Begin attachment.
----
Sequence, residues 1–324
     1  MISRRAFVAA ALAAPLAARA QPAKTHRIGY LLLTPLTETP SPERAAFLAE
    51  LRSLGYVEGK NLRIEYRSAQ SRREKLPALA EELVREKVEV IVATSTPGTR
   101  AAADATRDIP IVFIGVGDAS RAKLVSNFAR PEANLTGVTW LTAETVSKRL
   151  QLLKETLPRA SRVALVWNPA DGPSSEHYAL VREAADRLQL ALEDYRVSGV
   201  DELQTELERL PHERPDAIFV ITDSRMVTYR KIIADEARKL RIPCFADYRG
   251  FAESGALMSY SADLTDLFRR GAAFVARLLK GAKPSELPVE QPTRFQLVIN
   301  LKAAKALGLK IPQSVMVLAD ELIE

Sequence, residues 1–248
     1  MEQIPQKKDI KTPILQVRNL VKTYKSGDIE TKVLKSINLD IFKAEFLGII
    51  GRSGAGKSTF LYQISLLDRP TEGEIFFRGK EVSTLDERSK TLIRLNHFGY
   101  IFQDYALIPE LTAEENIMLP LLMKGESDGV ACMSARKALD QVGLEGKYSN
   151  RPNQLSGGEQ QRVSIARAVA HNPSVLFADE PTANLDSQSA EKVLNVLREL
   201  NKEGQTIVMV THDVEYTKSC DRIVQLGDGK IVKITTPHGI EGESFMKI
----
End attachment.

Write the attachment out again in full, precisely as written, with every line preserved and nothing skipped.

Sequence, residues 1–324
     1  MISRRAFVAA ALAAPLAARA QPAKTHRIGY LLLTPLTETP SPERAAFLAE
    51  LRSLGYVEGK NLRIEYRSAQ SRREKLPALA EELVREKVEV IVATSTPGTR
   101  AAADATRDIP IVFIGVGDAS RAKLVSNFAR PEANLTGVTW LTAETVSKRL
   151  QLLKETLPRA SRVALVWNPA DGPSSEHYAL VREAADRLQL ALEDYRVSGV
   201  DELQTELERL PHERPDAIFV ITDSRMVTYR KIIADEARKL RIPCFADYRG
   251  FAESGALMSY SADLTDLFRR GAAFVARLLK GAKPSELPVE QPTRFQLVIN
   301  LKAAKALGLK IPQSVMVLAD ELIE

Sequence, residues 1–248
     1  MEQIPQKKDI KTPILQVRNL VKTYKSGDIE TKVLKSINLD IFKAEFLGII
    51  GRSGAGKSTF LYQISLLDRP TEGEIFFRGK EVSTLDERSK TLIRLNHFGY
   101  IFQDYALIPE LTAEENIMLP LLMKGESDGV ACMSARKALD QVGLEGKYSN
   151  RPNQLSGGEQ QRVSIARAVA HNPSVLFADE PTANLDSQSA EKVLNVLREL
   201  NKEGQTIVMV THDVEYTKSC DRIVQLGDGK IVKITTPHGI EGESFMKI